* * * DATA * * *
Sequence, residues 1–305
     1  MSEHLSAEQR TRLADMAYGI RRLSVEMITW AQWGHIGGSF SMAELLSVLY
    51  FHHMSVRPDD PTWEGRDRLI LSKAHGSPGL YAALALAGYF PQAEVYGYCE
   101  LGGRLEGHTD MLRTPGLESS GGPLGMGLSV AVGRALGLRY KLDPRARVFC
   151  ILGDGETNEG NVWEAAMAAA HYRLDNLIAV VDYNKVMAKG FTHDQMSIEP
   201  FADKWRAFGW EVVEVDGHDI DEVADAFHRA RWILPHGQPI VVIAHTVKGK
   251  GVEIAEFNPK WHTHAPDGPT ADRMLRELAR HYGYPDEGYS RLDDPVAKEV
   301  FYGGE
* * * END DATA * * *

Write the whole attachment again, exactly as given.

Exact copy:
Sequence, residues 1–305
     1  MSEHLSAEQR TRLADMAYGI RRLSVEMITW AQWGHIGGSF SMAELLSVLY
    51  FHHMSVRPDD PTWEGRDRLI LSKAHGSPGL YAALALAGYF PQAEVYGYCE
   101  LGGRLEGHTD MLRTPGLESS GGPLGMGLSV AVGRALGLRY KLDPRARVFC
   151  ILGDGETNEG NVWEAAMAAA HYRLDNLIAV VDYNKVMAKG FTHDQMSIEP
   201  FADKWRAFGW EVVEVDGHDI DEVADAFHRA RWILPHGQPI VVIAHTVKGK
   251  GVEIAEFNPK WHTHAPDGPT ADRMLRELAR HYGYPDEGYS RLDDPVAKEV
   301  FYGGE